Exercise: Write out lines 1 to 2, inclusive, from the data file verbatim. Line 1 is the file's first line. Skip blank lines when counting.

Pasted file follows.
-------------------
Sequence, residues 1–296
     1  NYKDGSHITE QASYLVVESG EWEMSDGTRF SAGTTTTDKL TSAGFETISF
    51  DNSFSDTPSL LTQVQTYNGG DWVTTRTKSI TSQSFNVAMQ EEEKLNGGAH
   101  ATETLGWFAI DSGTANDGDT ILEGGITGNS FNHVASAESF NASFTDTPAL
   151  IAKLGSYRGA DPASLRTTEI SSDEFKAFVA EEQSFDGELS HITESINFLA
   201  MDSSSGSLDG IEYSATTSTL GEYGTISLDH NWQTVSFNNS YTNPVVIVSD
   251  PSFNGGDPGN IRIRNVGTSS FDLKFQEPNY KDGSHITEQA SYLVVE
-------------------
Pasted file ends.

Sequence, residues 1–296
     1  NYKDGSHITE QASYLVVESG EWEMSDGTRF SAGTTTTDKL TSAGFETISF